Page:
Yes, every sovereign government has the right to use credit — wisely. Every goverment needs credit (bonds) to pay for long term investment. But what is appropriate credit use — and under what circumstances are un-balanced budgets OK? (Not for decades, right?)

 

Your thoughts on what David Malpass has opined here? On the national debt / deficit? On the way the USA prepares its budgets?

 

Hank Boerner

 

Editor

 

Accountability Central

Comment on – SAFETY; Lead In Toys Sparks Lawsuit; The State Seeks To Force Mattel, Toys R Us And 18 Other Companies To Adopt Procedures For Inspecting Products.

Wise business leaders keep their eye on the state attorneys general — if the federal government can’t or won’t move to protect consumers, the AGs often will make the moves.

 

Investigations and oversight can begin in an individual state — such as California in the toy case — or with a small group of AGs in a coalition or working group. (New York and New England AGs work together to reduce the effects of acide rain they claim come from midwestern coal-burning electric plant emissions.)

 

And significant campaigns — leading to global settlements such as the Big Tobacco cases — often result from the universe of state attorneys general working through NAAG, the National Association of Attorneys General. NAAG has working groups — including one on predatory lending — and the smaller AG coalitions and the issues they focus on can quickly emerge into a national force for change through NAAG.

 

State laws are often more potent bases of action than federal laws or rules — NY AG Eliot Spitzer went after Wall Street’s big players using state law (The Martin Act) that preceeded 1930s federal financial markets protective legislation. In fact, President Franklin Roosevelt and his brain trust were quite familiar with the investor protection laws of the 1920s and used key elements for the 1933 an 1934 securities protection legislation.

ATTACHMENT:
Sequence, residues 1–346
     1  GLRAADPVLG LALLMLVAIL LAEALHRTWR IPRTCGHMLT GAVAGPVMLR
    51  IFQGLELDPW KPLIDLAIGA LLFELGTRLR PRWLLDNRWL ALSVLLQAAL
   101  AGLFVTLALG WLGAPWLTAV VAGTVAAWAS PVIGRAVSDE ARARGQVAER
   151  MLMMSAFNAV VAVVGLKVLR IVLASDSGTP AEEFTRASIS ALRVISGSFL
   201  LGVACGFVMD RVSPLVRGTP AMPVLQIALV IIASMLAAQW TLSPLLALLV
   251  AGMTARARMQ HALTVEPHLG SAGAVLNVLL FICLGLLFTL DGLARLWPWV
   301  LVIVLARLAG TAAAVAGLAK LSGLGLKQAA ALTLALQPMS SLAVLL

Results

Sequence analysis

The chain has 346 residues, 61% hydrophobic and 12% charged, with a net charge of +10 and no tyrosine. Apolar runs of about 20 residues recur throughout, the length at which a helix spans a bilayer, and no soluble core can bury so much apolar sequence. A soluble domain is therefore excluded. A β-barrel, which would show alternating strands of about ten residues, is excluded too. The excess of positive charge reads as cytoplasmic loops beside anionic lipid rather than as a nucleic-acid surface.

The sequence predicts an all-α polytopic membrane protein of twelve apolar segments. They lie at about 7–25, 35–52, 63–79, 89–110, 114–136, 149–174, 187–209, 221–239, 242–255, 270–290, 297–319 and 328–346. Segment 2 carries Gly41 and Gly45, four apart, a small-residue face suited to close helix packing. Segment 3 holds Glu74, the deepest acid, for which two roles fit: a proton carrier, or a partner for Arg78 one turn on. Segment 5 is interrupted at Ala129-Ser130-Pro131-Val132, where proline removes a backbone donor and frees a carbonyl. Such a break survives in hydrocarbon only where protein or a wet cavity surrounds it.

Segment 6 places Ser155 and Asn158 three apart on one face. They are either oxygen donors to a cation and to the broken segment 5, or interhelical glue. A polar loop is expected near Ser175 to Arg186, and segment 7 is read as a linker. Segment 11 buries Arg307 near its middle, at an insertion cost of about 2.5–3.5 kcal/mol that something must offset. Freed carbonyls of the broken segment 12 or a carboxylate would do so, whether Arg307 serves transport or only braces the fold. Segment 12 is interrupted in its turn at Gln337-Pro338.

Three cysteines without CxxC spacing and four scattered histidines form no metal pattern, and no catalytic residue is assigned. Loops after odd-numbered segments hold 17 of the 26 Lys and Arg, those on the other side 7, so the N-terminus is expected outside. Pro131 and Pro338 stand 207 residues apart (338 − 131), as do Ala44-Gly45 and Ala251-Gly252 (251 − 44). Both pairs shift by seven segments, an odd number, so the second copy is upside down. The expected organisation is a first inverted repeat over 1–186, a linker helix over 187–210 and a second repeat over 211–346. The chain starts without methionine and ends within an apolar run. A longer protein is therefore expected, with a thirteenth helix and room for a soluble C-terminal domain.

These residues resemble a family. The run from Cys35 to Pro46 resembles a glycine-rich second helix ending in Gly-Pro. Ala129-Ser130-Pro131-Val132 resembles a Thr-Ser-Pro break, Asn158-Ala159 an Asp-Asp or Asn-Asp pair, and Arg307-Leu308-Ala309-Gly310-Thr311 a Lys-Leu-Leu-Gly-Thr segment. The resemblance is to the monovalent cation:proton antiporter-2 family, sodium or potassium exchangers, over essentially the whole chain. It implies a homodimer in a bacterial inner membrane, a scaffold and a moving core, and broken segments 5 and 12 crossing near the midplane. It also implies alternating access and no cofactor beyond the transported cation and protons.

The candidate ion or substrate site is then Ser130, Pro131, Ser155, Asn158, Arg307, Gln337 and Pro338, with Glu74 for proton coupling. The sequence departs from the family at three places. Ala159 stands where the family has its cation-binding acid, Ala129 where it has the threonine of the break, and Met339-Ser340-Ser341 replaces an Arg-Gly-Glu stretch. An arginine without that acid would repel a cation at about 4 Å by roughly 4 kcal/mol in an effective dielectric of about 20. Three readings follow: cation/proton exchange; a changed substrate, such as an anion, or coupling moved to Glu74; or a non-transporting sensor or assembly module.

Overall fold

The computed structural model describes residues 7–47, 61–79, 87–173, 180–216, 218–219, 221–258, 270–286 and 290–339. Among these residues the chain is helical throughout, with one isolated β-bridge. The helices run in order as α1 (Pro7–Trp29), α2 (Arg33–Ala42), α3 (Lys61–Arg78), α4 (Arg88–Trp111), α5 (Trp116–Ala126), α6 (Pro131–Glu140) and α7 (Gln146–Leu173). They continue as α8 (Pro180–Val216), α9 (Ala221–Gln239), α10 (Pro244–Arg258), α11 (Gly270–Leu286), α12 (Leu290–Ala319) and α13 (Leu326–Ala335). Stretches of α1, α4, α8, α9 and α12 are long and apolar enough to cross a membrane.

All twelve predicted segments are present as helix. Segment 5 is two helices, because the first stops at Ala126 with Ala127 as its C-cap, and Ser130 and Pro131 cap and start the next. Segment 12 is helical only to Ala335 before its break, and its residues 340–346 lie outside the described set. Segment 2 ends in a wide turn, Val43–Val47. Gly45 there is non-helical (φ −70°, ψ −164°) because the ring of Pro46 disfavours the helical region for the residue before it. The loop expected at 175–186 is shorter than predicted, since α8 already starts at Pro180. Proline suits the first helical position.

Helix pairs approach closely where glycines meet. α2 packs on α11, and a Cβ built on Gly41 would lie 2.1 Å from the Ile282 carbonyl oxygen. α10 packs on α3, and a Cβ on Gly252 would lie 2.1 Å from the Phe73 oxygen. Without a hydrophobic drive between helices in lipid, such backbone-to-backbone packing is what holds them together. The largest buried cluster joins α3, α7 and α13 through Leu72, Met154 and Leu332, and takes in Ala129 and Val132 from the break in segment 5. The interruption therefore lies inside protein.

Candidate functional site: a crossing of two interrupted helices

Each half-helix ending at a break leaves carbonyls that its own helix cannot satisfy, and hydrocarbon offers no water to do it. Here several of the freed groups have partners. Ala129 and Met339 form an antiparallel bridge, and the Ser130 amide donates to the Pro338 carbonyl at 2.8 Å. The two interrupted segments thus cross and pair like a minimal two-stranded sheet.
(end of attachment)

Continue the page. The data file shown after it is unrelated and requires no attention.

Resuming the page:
The AG office is often a springboard for higher office — the former AGs of New York, Michigan, Arizona, and Washington State now occupy the statehouse as governors.

 

So yes, there is some politicking in the AG pursuits — but there is often also a genuine pursuit of creating positive change to protect the state’s consumers.

 

Smart corporate managers (and boards) will not ignore the AG’s call for change or solutions –as you see here in this LA Times story, management at Mattel (California-based)is engaged with AG Jerry Brown. Good move for all involved — including consumers at the toy counter.

 

Remember, when the feds can’t or won’t the state AGs are on the move. And often they have the ammunition such as California’s Proposition 65 or NY’s Martin Law to pursue their cases. And, the cases brought often have amicus or co-filers and supporters from advocate communities.

 

Stay Tuned to this story — California is home to key toy marketers (including Disney), the portal through which Asian-made toys flow to US stores, and home to a wide range of advocacies capable of mounting ambitious public campaigns targeting companies they think are holdouts in reforms and solutions to societal problems.

 

Hank Boerner

 

Editor

 

Accountability Central

Comment on – MERGER FEARS: A TALE OF TWO CITIES: Atlanta To Put Up Fight For Delta; Business Leaders Vow To Keep ‘hometown Airline At Home’

Commentary on Business & Society

 

Gather round, kiddies, for a nostalgic view of the airline industry and its exciting early days. Airlines and the cities they headquarter in are very importawnt business partners! Back in our early journalistic days we were “an aviation writer,” something there are very few if any of today in newpapers, wire services, even broadcasting (the ABC TV Network even had a full-time av-writer in the space shot days).

 

Most airlines with familiar brand names came to life in the 1929 – 1940 era and were headed by luminaries and industry legends — CR Smith at America; WE Woolman at Delta; WA Patterson at United. (Most didn’t use their first names, as you see — the airline brand was more important to build!)